The UK's northernmost country certainly has its share of dramatic landscapes.

Trademarks include trying haggis, hearing bagpipe melodies, visiting fairy tale castles, taking epic road trips to seeing men in kilts.

Everywhere is accessible because the cities are only 3 hours away from each other. You can easily hop on trains, local buses or hire a car to travel from place to place.

1. Glasgow

The largest city in Scotland is Glasgow that is constantly changing and offers plenty for everyone to do regardless of your interests.

It is perhaps not as well-known as Edinburgh to international travelers, but the reward of visiting here is a less crowded city where experiences seem less rushed and more authentic.

The music scene is alive in Hydro, King Tuts Wah Wah Hut, and the iconic Glasgow Barrowlands.

If art is your thing then you could head to somewhere like the Kelvingrove museum and take a look around the 22 different galleries on offer. The Kelvingrove museum is completely free to visit.

The main shopping streets of Sauchiehall, Buchanan, and Argyll give shoppers a wide variety of choice.

The main city square in central Glasgow is George Square. You can also visit the Glasgow City Chambers, a large Victorian era building that dominates the east side of George Square. You can take free guided tours of the inside. Tours are free and are typically given twice a day Monday to Friday.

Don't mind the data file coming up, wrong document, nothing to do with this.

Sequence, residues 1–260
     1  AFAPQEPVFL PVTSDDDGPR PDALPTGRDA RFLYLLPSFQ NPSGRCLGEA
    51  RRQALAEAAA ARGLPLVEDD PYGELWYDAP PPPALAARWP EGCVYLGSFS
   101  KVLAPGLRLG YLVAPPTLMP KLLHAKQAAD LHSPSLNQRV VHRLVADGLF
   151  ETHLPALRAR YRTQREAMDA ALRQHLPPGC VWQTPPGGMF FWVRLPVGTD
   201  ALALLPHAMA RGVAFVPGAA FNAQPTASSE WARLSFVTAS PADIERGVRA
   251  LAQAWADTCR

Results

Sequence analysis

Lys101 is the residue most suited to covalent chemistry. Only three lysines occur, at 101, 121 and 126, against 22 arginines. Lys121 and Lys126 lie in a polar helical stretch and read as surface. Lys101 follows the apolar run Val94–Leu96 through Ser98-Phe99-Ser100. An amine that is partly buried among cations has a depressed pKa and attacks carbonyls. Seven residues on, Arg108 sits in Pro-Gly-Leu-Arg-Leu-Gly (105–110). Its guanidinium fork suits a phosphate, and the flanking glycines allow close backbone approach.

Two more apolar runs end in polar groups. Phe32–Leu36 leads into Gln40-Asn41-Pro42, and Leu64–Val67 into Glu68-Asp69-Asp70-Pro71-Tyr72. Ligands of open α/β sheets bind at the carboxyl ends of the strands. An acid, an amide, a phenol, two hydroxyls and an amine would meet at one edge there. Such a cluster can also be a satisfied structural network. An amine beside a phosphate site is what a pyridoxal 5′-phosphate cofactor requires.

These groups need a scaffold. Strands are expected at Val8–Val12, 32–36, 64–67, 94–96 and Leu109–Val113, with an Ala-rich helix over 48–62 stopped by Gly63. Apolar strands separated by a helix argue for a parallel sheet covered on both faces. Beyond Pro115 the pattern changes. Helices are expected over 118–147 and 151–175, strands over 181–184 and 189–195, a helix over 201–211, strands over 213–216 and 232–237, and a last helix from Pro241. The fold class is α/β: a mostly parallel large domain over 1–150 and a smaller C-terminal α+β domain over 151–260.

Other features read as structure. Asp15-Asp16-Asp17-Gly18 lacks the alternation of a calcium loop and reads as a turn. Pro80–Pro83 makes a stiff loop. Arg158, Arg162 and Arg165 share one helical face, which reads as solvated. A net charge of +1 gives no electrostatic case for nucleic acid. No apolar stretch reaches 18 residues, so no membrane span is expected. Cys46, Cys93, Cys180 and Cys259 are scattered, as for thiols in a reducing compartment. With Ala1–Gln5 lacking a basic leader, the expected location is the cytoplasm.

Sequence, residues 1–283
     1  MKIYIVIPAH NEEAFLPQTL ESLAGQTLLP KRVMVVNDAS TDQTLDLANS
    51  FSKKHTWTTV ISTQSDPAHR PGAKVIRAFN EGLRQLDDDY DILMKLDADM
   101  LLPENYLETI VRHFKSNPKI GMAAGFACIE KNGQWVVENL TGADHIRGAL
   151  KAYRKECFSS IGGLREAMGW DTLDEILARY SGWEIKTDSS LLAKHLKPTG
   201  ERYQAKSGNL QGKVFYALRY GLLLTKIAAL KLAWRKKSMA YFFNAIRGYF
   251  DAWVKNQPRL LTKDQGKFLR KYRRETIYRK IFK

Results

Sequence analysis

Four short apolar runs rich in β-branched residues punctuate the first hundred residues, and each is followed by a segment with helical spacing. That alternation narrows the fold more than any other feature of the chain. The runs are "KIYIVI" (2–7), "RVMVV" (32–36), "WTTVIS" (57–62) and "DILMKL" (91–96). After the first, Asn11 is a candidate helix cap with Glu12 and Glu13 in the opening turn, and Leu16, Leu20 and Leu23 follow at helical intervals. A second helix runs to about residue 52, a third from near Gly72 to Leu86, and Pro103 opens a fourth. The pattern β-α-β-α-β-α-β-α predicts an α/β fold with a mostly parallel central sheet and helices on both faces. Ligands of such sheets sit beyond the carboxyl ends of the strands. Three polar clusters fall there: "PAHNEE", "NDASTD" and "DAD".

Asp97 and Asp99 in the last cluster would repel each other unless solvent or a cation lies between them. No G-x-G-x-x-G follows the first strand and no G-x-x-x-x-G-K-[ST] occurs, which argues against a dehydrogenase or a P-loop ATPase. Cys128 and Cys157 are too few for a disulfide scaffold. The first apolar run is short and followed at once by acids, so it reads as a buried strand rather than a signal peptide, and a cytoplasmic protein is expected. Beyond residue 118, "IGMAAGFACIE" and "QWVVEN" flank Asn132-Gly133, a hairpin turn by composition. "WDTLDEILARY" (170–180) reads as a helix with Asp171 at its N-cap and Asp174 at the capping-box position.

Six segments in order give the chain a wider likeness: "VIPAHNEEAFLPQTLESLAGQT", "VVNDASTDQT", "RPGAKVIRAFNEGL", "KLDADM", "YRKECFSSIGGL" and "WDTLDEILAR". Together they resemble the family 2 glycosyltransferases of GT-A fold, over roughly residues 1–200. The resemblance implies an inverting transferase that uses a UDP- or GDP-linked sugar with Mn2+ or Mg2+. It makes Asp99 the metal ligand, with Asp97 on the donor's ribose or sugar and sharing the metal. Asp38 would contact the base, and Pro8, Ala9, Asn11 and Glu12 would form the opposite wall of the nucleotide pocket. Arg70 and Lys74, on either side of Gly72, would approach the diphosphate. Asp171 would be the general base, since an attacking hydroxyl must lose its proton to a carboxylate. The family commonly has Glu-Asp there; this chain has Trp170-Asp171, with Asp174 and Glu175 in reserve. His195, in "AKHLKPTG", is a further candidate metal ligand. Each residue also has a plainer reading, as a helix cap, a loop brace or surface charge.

2. Stirling

Stirling is the location of William Wallace's first victory in the First War of Scottish Independence.

Stirling's beautifully preserved Old Town is a treasure trove of historic buildings and cobbled streets winding up to the ramparts of its impressive castle, which offer views for miles around.

The National Wallace Monument is a tower built on the Abbey Craig to commemorate Wallace. Check out the monument from Stirling Castle atop Castle Hill. The castle dates back to at least the 12th century.

The Bannockburn Heritage Centre uses interactive technology to bring Robert the Bruce's defeat of the English army on 24 June 1314 at Bannockburn back to life.

The impressive Victorian prison building Old Town Jail lay derelict from the 1960s until 2015, when it was reopened as a visitor attraction. The National Wallace Monument is so Gothic it deserves circling bats and croaking ravens. It commemorates William Wallace, the hero of the bid for Scottish independence depicted in the film Braveheart.

3. Shetland Islands

These islands are a beautiful blend of both Scottish and Nordic cultures. The Shetland Islands are Britain's most northerly outpost. If you are willing to go on an adventure, you'll find plenty of archeological sites and beautiful beaches to visit.

Streets named King Haakon or St Olaf are reminders that Shetland was under Norse rule until 1469 when it was gifted to Scotland in lieu of the dowry of a Danish princess.

Nature rules the seas and islands, and the birdlife is spectacular: pack binoculars.

Also, it has some of the most incredible landscapes in the UK with an abundance of wildlife and a Viking heritage second to none.

Awarded Lonely Planet's Best in Europe 2019 as one of Europe's top destinations, explore 4,000 years of Shetland history, streching back to the Bronze Age with fascinating Iron Age brochs and mysterious standing stones.

Other than Edinburgh, which is a go-to tourist attraction in Scotland, these are the places you should be visiting.